I often wonder about the potential for learning via social media, apps, and mobile devices. Take foursquare, for instance — it is an app that uses geo-tags, place locations, and community connections. Foursquare contains some intriguing possibilities for classroom use, particularly in virtual high schools and colleges.
If you’re not familar with foursquare, users earn badges and prestige by visiting real-world places. The foursquare app then shares information about their location with others in their network. The concept of earning points may turn some educators off from foursquare, since there are going to be winners and losers. But foursquare has more nuanced approaches, too, that can engage a wide range of students.
A resource website put out by a blog that tracks online education (Accredited Online Colleges) is a great place to mull over the possibilities of foursquare in learning. Here, they point out more than 30 ways that foursquare could be used for learning, from field trips to organized meetings to site-based research.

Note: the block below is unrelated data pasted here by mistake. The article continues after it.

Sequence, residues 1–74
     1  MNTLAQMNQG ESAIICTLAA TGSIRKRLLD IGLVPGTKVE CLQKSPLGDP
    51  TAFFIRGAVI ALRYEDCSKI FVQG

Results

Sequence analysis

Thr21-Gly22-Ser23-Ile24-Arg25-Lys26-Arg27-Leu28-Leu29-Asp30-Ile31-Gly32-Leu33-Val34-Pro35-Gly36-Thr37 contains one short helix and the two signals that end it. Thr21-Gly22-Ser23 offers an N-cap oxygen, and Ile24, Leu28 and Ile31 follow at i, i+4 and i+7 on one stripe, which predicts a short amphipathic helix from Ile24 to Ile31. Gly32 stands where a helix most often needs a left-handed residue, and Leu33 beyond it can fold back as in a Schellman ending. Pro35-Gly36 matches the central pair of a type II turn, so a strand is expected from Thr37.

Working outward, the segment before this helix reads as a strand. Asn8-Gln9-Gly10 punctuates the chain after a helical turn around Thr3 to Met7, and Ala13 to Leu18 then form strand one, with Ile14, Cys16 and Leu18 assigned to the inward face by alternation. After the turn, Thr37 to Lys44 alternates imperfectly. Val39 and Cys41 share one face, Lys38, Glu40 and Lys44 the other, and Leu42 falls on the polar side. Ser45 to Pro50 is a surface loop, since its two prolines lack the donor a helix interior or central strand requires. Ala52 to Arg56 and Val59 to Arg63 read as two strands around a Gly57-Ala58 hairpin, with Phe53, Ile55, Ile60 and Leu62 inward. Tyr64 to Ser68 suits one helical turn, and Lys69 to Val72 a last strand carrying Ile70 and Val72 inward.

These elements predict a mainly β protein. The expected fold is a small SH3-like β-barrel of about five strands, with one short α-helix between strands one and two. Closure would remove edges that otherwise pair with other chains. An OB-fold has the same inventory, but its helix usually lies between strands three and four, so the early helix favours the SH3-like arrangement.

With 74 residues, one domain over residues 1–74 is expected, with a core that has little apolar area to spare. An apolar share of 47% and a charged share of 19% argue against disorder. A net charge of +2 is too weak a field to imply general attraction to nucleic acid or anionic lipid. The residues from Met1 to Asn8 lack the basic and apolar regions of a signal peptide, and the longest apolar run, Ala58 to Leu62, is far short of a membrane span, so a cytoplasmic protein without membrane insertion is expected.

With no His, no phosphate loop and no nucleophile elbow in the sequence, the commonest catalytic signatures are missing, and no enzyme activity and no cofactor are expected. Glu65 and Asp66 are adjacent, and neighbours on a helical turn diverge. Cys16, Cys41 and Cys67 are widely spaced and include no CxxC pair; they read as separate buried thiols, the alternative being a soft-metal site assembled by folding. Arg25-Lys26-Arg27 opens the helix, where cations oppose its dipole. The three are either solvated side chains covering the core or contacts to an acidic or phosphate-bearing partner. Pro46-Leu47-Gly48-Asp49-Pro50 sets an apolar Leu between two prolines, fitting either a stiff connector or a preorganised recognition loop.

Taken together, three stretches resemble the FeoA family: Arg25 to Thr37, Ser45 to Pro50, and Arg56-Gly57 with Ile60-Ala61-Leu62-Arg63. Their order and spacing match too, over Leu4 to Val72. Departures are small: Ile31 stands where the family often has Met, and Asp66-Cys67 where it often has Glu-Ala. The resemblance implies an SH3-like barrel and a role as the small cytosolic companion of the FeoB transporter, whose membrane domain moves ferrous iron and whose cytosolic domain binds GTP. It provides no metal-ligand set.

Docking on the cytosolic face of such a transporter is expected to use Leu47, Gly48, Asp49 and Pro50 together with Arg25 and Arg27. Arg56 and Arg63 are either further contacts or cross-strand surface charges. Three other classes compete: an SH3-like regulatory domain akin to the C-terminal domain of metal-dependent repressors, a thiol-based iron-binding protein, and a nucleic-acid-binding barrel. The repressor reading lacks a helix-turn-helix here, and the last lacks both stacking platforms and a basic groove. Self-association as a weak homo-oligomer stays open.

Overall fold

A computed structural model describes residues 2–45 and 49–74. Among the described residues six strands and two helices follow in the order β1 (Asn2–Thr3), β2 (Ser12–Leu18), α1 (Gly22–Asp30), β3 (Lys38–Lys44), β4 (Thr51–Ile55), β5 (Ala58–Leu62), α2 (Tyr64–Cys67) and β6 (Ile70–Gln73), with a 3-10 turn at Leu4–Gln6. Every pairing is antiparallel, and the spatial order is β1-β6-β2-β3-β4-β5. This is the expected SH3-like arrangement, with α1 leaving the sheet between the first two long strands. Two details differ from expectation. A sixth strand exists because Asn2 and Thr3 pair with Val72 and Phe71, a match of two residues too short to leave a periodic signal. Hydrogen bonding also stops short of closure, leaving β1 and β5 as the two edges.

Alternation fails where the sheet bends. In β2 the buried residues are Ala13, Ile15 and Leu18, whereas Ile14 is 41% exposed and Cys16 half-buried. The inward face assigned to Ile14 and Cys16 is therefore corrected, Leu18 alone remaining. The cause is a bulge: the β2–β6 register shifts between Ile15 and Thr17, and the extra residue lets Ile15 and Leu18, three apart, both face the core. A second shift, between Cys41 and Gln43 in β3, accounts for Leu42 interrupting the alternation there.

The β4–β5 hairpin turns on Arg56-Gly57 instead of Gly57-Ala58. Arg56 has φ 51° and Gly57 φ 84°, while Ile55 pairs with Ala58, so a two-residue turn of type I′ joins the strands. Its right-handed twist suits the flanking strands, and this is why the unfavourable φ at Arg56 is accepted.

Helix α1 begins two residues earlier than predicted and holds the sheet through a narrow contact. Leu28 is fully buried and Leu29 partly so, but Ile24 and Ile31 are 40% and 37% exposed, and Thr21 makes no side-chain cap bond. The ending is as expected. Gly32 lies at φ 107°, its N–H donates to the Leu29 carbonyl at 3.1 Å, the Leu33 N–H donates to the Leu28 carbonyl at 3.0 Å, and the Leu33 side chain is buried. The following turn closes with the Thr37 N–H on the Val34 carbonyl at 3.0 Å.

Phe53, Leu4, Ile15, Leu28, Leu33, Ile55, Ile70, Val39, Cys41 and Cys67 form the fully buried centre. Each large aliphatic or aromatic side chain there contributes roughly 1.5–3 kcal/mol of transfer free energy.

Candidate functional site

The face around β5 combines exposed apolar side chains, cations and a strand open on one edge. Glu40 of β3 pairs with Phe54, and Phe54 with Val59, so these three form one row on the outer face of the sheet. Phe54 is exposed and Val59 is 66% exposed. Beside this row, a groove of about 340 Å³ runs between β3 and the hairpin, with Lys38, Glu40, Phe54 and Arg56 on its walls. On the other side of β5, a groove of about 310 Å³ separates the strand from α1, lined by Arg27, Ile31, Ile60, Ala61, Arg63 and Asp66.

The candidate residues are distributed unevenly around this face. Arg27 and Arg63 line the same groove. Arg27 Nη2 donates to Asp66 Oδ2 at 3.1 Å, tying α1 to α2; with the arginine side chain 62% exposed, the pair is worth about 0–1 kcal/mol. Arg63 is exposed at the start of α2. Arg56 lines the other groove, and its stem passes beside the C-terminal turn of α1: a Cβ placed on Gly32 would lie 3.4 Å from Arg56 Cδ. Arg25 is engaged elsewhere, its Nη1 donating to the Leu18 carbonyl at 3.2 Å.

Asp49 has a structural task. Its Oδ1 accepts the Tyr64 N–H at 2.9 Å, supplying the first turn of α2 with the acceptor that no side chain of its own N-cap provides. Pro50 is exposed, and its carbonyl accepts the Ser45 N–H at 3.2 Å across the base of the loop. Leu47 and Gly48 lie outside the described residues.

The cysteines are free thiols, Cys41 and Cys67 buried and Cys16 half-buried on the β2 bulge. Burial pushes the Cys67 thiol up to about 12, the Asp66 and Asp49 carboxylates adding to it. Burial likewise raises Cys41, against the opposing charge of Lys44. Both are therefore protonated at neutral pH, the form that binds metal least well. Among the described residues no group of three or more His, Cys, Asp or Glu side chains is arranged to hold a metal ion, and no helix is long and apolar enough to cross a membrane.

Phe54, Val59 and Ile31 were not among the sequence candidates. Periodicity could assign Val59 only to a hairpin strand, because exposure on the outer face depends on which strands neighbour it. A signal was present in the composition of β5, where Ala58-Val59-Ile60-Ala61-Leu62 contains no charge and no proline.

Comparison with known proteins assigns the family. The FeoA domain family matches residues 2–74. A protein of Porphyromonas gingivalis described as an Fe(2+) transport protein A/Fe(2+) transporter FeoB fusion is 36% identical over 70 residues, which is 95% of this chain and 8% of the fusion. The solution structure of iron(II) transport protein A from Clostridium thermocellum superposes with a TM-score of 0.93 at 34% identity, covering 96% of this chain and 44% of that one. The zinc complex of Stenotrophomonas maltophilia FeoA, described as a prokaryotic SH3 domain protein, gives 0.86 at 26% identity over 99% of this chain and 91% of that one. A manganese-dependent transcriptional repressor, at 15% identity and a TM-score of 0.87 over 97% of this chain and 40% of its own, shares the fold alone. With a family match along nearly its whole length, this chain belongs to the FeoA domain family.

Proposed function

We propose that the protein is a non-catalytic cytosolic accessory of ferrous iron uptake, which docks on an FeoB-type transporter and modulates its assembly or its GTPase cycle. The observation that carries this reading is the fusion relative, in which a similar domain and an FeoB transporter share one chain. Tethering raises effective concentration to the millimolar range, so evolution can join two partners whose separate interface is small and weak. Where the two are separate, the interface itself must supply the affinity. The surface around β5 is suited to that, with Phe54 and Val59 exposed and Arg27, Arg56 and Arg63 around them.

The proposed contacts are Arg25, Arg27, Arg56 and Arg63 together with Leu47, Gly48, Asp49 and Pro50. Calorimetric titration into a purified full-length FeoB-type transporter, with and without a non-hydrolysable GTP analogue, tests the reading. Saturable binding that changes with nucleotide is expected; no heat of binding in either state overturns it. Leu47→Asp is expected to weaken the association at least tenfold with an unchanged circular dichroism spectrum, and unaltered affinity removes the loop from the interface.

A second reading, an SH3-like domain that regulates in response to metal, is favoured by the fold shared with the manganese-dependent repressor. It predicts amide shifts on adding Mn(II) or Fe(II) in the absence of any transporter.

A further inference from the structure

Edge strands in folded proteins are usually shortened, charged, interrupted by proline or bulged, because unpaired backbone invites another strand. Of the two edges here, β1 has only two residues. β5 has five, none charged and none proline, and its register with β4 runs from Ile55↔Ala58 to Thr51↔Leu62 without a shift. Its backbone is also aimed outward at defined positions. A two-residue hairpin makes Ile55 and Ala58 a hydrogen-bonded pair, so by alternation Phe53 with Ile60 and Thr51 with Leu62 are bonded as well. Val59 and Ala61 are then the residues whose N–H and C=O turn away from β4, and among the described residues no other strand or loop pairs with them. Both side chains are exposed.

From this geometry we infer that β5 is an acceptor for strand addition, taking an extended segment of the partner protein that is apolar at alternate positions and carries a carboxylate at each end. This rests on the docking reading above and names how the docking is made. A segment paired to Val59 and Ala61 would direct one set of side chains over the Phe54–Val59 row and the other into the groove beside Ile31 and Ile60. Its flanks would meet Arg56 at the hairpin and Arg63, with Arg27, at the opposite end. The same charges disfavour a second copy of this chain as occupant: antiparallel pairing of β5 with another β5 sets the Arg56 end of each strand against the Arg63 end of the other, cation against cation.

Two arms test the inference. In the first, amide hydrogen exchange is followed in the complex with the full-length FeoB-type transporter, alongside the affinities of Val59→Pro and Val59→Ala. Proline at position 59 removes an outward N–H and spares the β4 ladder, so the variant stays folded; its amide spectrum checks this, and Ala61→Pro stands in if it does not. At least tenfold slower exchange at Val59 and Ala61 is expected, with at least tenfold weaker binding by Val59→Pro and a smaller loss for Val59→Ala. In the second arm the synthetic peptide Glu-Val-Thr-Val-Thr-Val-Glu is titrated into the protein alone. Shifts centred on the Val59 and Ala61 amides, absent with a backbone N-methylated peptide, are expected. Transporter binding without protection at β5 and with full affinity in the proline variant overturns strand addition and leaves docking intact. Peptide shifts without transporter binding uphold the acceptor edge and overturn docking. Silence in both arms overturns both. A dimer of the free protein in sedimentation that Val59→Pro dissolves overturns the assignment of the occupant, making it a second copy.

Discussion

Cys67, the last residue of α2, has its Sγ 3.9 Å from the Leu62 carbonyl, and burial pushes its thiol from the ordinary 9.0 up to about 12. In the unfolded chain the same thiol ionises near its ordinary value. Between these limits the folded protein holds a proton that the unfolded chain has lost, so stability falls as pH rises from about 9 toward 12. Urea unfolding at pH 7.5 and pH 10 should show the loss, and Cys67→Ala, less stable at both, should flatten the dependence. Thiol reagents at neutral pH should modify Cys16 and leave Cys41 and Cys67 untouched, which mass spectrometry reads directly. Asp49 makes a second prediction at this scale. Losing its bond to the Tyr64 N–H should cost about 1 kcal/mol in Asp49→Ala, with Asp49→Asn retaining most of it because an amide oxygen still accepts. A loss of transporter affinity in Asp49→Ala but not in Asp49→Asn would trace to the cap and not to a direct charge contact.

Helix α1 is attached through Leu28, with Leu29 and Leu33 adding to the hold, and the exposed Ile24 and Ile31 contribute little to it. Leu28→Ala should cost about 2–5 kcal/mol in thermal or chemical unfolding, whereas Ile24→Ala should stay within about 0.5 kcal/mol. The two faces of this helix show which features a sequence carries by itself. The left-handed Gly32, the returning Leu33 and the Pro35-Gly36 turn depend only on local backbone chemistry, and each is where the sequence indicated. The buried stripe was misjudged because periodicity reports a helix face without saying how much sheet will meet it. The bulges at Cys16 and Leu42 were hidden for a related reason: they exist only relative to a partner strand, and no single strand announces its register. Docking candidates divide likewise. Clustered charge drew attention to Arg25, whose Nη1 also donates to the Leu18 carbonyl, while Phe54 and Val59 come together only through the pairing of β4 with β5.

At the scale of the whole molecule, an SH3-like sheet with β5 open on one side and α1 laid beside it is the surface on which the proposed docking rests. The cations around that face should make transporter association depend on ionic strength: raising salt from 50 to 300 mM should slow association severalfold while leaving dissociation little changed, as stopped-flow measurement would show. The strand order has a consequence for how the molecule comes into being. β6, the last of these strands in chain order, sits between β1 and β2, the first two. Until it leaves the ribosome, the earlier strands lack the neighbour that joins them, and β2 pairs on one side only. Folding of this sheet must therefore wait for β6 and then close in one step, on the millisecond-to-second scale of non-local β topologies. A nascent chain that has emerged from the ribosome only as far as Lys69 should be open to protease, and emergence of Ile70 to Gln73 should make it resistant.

A few examples that I found interesting:
- Bring students from different classes together: Encourage students from different class periods to follow each other for more camaraderie, to enhance discussion, and create a bigger network.
- Track field trips with Google Earth: Google Earth now integrates with foursquare, so you can help your students remember where they’ve been on field trips.
- Create a place-based tour: Tag or check in to different venues you’ve mapped out ahead of time to take your students on a place-based tour. A University of Dallas professor and his students are working on an app to tie in audio, pictures, and video, too.
- Teach the history of your school: A library program at North Carolina State University uses foursquare to show students archived shots of the first freshman class, old school buildings, and other historical images based on the smartphone user’s location.
- Arrange spontaneous study groups: Check in at a location on campus and invite students to join you for a spontaneous review session or study group.